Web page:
The Supreme Court has ruled that a worker who is a member of a works council and then appointed as a trade union delegate cannot accumulate working time credit for carrying out both roles. This is stipulated in the applicable regulations and justified on the grounds of the different nature of these two roles.
7. Employees had one year to CLAIM a CHRISTMAS HAMPER, even though it was awarded every year and the employer’s decision to stop giving the hamper was DECLARED VOID.
Judgment of the Supreme Court of 7 October 2020.
The Supreme Court (“SC”) has held that, in a case where an employer decided to stop giving its employees a Christmas hamper and this decision was declared null, the one-year term the employees had to claim the Christmas hamper still applied. The SC concluded that, although obligations arising from an employment contract are of a successive nature, to which the one-year limitation period in article 59 of the ET does not apply, in this case there was a collective dispute to which the one-year limitation does apply. The SC clarified that the elimination of a more beneficial condition by the employer (i.e. ceasing to give its employees a Christmas hamper) was void, because the statutory procedure for the substantial modification of working conditions had not been followed and therefore the employees’ action challenging that decision could not be time-barred.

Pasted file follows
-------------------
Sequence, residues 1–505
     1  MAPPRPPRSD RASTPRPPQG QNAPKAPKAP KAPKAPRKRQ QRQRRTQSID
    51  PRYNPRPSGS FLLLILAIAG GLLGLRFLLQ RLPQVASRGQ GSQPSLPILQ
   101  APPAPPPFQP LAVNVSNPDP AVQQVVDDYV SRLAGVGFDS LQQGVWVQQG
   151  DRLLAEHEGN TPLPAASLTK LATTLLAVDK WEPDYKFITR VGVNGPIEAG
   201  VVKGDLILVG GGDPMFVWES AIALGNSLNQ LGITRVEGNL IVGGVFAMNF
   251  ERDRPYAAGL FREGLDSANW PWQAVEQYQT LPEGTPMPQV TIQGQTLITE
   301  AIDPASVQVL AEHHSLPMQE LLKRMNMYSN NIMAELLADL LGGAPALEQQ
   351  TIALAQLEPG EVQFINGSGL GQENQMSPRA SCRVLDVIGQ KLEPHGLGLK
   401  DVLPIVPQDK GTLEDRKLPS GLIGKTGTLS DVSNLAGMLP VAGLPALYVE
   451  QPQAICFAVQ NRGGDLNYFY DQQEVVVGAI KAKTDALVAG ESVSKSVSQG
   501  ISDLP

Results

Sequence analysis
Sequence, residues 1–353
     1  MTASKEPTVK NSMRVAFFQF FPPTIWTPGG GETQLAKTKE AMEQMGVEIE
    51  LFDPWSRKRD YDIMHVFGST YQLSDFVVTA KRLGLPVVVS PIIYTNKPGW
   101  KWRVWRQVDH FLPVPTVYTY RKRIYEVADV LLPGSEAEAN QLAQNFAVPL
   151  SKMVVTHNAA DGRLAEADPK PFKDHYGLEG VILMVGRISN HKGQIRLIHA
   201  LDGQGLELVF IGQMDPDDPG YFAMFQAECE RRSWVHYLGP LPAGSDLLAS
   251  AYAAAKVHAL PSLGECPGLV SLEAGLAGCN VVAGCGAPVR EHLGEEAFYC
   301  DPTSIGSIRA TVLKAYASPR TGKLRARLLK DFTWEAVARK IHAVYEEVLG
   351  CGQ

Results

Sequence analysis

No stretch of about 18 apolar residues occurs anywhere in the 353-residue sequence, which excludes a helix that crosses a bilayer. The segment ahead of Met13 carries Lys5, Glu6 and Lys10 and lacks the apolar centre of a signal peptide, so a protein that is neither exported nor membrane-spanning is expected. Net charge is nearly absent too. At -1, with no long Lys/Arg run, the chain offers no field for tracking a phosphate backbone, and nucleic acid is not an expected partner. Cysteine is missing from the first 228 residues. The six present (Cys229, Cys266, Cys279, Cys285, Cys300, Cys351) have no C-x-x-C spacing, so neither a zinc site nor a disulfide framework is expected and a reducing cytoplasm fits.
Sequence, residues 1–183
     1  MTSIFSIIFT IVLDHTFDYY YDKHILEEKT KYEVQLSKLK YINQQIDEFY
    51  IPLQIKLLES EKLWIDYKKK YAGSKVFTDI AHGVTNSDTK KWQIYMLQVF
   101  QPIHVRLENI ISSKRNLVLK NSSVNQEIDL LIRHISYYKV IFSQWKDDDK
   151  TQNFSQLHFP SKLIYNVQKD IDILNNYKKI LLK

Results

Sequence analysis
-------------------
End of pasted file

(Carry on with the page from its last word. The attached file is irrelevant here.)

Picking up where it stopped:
8. THE TWENTY-DAY TIME LIMIT to challenge a business decision is not suspended by the state of emergency.
Judgment of the National Court of 12 November 2020.